990-PF graphic#3 - Open Data & Open 990-PFs Set the Stage for Change: Open, machine-readable 990-PFs actually became a reality in 2016, but 2017 represented the first full year of their availability and allowed some interesting experimentation to take place. For the uninitiated, though the IRS 990 and 990-PFs have always been public documents, they weren’t made digitally available as open data until April 2016 when the IRS started making digitally available all electronically filed 990 and 990-PF documents. Since the data is now not only open, but digital and machine-readable, this means that anyone from journalists to researchers to activists can aggregate this data and make comparisons, correlations, and judgments about philanthropy at lightning speed, all without any input from foundations. Throughout 2017, agencies like Foundation Center, GuideStar, and academic research institutions that use data from the 990s to analyze the field experimented with the usability of the data for new analytic tools. Here at Foundation Center, we prototyped investment transparency and financial benchmarking tools, while others also experimented with using the new treasure trove of open data in innovative ways. For example, a start-up company called Foundation Financial Research is compiling 990-PF benchmarking data on foundation endowment investment performance. Though there are technical glitches to be worked out, it is likely that over time the data will become more reliable and comprehensive leading to more such comparative tools. A recorded webinar by Digital Impact reviewed the challenges and opportunities of this new age of open philanthropic data, and a webinar and blog series on Transparency Talk outlines specific considerations for private foundations.

Paradise Papers graphic
Source: International Consortium of Investigative Journalists

#2 - Paradise Leaked: I should preface this one by saying that Glasspockets remains committed to advocating for voluntary transparency and the inclusion of this particular item should not be taken to mean that we are shifting to advocating forced entry! The “Paradise Papers” refers to a set of 13.4 million financial documents, originating from the Bermuda-based law firm Appleby, detailing investments held in offshore accounts often in paradise-like locales. Leaked to German reporters from Süddeutsche Zeitung, who then shared them with the International Consortium of Investigative Journalists, the documents name more than 120,000 people and companies, including many prominent individuals ranging from the likes of Prince Charles and Queen Elizabeth II, to celebrities like Madonna and Bono, and to government officials like U.S. Secretary of Commerce Wilbur Ross. The “Paradise Papers” also include offshore financial holdings of philanthropists like Open Society Foundations founder, George Soros and Simons Foundation founder, Jim Simons. You can read more here about that. But in terms of our work at Glasspockets, the headline to this story is not that high-net worth individuals hold large sums of money in offshore bank accounts—that is really old news. But coming on the heels of the Equifax leaks, which exposed vulnerabilities in one of the nation’s largest credit data reporting agencies and could impact upwards of 143 million American households, the subsequent Paradise Paper leaks further demonstrated that there is no longer any impenetrable fortress for our financial data. Couple these vulnerabilities with the interest in the activities of high-net worth individuals, and you have a perfect storm of motive and opportunity.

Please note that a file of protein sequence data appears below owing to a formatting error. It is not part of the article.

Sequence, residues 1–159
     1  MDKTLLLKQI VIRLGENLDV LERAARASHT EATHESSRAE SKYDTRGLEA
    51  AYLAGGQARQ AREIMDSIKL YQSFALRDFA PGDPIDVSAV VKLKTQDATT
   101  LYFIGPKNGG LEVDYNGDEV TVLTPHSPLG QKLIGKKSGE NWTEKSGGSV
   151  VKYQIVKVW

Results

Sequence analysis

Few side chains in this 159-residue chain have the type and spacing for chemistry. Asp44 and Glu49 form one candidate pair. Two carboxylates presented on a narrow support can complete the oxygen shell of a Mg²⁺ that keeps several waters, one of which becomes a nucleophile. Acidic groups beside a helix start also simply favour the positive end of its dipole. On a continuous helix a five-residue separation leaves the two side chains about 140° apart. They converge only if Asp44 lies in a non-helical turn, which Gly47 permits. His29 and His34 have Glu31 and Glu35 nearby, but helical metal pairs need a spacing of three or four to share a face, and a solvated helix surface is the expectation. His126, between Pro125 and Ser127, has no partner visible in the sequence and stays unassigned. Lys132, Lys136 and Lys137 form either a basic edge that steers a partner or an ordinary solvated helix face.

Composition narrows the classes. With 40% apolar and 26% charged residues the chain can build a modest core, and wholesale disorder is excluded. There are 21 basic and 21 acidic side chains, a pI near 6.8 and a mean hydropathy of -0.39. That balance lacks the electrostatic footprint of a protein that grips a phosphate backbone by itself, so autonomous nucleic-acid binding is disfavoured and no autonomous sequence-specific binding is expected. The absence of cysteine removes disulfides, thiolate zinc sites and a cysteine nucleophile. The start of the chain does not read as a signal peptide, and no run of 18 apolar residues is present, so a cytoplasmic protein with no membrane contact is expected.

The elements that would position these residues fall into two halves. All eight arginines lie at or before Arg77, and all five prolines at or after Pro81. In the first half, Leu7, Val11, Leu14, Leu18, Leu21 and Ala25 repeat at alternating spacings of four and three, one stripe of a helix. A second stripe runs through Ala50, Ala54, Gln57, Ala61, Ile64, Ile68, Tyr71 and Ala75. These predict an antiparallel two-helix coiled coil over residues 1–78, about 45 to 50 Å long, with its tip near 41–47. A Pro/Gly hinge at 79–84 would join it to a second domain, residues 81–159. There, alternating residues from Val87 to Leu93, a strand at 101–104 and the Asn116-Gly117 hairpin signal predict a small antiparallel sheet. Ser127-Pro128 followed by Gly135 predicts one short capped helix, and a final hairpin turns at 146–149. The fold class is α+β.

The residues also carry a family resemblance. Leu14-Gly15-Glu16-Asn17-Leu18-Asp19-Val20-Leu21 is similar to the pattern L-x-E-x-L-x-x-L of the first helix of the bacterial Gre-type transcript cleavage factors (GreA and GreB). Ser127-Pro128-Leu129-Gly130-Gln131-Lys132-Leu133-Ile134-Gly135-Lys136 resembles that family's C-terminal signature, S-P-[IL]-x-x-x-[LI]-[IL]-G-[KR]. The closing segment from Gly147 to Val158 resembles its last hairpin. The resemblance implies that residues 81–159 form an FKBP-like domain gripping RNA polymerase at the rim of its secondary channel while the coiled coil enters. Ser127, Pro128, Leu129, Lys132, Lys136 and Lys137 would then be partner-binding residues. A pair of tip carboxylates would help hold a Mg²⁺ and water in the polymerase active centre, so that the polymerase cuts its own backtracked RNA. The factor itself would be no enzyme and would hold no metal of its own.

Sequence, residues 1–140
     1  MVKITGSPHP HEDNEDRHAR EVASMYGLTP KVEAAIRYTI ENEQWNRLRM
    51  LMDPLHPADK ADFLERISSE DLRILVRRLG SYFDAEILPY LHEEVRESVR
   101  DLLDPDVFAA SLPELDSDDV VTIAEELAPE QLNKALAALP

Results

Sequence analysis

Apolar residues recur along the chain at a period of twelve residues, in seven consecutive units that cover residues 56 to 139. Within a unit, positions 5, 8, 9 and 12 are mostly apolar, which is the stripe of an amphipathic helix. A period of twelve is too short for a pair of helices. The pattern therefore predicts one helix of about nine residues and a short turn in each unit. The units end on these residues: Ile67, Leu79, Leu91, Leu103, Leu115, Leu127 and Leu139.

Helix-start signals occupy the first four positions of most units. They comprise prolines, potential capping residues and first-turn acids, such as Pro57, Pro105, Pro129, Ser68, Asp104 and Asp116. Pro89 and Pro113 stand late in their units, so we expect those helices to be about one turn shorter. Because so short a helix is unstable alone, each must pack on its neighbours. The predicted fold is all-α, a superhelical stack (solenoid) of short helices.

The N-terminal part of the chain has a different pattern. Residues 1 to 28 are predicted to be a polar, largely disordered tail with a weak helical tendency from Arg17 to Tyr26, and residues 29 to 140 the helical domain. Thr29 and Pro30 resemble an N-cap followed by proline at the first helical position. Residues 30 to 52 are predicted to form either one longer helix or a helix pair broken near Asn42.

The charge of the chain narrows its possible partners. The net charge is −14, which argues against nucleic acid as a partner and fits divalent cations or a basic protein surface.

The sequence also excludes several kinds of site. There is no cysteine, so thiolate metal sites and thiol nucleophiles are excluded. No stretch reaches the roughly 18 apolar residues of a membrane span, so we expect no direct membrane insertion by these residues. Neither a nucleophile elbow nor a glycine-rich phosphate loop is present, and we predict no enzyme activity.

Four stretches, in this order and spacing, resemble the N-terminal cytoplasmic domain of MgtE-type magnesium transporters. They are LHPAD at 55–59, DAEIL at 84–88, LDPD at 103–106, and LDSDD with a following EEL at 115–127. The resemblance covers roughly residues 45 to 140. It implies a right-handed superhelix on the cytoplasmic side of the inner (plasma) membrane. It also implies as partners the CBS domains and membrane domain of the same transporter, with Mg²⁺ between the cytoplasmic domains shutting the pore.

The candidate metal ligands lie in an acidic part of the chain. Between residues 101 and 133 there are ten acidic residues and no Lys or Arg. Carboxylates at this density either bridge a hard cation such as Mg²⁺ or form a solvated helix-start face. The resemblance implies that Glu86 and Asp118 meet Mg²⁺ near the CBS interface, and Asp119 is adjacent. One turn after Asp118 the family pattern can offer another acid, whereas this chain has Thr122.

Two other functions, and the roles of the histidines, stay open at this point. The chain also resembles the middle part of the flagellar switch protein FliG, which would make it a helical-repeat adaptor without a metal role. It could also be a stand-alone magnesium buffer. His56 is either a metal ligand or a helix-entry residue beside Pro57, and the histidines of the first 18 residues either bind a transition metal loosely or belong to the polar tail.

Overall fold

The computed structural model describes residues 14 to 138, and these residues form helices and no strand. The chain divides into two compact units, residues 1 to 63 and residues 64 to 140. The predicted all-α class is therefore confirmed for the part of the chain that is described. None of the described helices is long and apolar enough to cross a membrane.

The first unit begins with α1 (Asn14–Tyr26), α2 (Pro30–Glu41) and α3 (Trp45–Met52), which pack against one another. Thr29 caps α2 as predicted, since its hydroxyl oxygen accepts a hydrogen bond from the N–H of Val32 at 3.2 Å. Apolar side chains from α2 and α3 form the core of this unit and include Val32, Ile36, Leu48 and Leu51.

So, the take away here is not to live under the false sense of security that data systems can be reinforced and your offshore accounts are safe from prying eyes. Rather, assume that at some point, this will all be disclosed, so why not be proactive and explain long term philanthropic aims? There are valid reasons why donors establish funds and foundations outside of the United States, such as funding projects in countries where it doesn’t have diplomatic relations or for long-range planning so payout rates don’t force rash decisions. If these challenges, visions and strategies are not explained, others can fill in the blanks with their own imaginations. Many foundations have a history section of their website; the new era of leaks suggests that it may be time to add a future directions section. 2018 will likely bring more massive data breaches and leaks—are you ready?

Open Democracy Infographic1_tw#1 - Foundations Take a Stand: Traditionally, foundations are more comfortable writing checks to support others to take the microphone rather than using their institutional voice to speak out. 2017 saw a departure from this practice with many foundations finding their voice as a result of the current political climate. Funder groups banded together to issue open letters, CEOs blogged and foundation staff tweeted to reinforce commitment to issues or population groups that were in the political line of fire. Here at Foundation Center, we continued to improve our open, nonpartisan web portal that explores philanthropy’s role in U.S. democracy. Given the response of foundations in 2017, I’m betting we will see support for movement building of all Communications-network-logo-1-1persuasions grow this year. And speaking of speaking out, given this trend of foundations taking a stand, the Communications Network’s recent conference focused on just this topic and they have crafted some helpful tips on how to navigate institutional communications about politically charged issues of the day.